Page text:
Woods is proud of comeback at Masters

By Paul Newberry, Associated Press

Augusta, Ga. — It's rare Tiger Woods would shoot a 69 at the Masters — with hardly anyone noticing.

That's what happened Friday, when Woods took another impressive step in his latest comeback with a 3 under that assured he'll be back for the weekend at Augusta National — just like he has every year of his pro career.

Looking more and more confident, Woods had four birdies and stumbled only once with a bogey at the par-3 sixth hole. It was a marked improvement on his opening 73, and he looked like an entirely different player than the one who walked off the course at Torrey Pines two months ago, his body hurting and his game a mess.

"I was at a pretty low (point) in my career, and to basically change an entire pattern like that and put it together and put it in a position where I can compete in a major championship like this is something I'm very proud of," Woods said.

The way Jordan Spieth is playing, Woods likely will be nothing more than an afterthought on the weekend. He goes to the third round a dozen shots off the lead.

Still, it's a big step for Woods in his quest to break a nearly seven-year drought since he won the last of his 14 major championships.

And, of course, he'll never concede that he's out of a tournament.

"I'm still right there," Woods said. "I'm 12 back, and there's not a lot of guys ahead of me. And with 36 holes here to go, anything can happen."

Hoffman good with spot

Charley Hoffman isn't conceding anything at the Masters.

Even though Jordan Spieth will take a five-shot lead to the weekend, Hoffman said Friday he won't change his approach after posting his second straight round in the 60s. He's at 9-under 135, a score that would've given him at least a tie for the 36-hole lead eight of the last 10 years.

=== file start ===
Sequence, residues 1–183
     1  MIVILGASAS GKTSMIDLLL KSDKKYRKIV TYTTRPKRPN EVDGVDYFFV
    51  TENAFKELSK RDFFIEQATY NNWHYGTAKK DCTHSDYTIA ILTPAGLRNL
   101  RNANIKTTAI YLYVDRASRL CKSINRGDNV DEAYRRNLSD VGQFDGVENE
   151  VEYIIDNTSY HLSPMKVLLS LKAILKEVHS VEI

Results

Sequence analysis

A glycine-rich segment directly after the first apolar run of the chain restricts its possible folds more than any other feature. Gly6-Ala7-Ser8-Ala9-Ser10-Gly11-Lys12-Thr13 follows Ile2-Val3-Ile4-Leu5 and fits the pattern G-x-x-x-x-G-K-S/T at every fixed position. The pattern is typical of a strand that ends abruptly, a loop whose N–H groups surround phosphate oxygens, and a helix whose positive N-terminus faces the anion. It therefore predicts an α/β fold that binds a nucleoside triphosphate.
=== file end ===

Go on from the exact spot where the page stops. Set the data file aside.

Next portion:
Not this year. Spieth is at 130, the lowest score in Masters history at the midway point.

"It's this year. It's not any other year," Hoffman said with a shrug, not sounding the least bit concerned. "We've only played 36 holes. We've got a lot of golf left."

Hoffman had a chance at a bogey-free round until he took 5 at the final hole.

Still, it was a surprising performance by a journeyman golfer once known more for his flowing, bleached mullet.

This is only the second time Hoffman has qualified for the Masters. Unless someone makes a late charge, he'll be playing in the final group Saturday with Spieth.

"I just kept to my game plan, kept trying to make birdies," Hoffman said. "You can't press on this golf course too much."

Hoffman was asked why he cut his hair, which used to be his trademark.

"Well, my hair stopped growing

Eagle nation

Dustin Johnson earned his place in Masters lore by becoming the first player to make three eagles in one round.

Johnson scored eagles on three of the par-5s: the second, eighth and 15th holes. He made a birdie on the other, the 13th, which left him with a 5-under 67 and still within reach of the leader, Spieth.

Johnson is seven strokes behind with a 7-under 137 at the halfway point.

"I feel good," Johnson said. "We've still got 36 holes of golf left. I'm playing really well. I'm making a lot of birdies. I need to limit the mistakes."

Those mistakes — most notably, a double-bogey 6 at the first hole, after a drive in the middle of the fairway — kept Johnson from posting an even lower score.

Home for the weekend

Tom Watson had hoped to set a Masters record by making the cut at age 65.

So much for that plan.

After opening with a promising 1-under 71, Watson ballooned to an 81 on Friday, one of the worst rounds of his long Augusta career. He finished up with a triple-bogey 7 at the final hole.

Also missing the cut was 55-year-old Fred Couples, who shares a Masters record of playing on the weekend in 23 consecutive appearances. He's heading home with a 9-over 153 total.

The news wasn't all bad for the over-50 crowd.

Mark O'Meara, at 58, made it to the weekend for the first time since 2005 by shooting 68 on Friday.

"I probably hit the ball as far now as I did when I played in my time," he said. "You play for your pride, too. I understand I'm 58, but I still have my health and I can still hit some quality golf shots out there."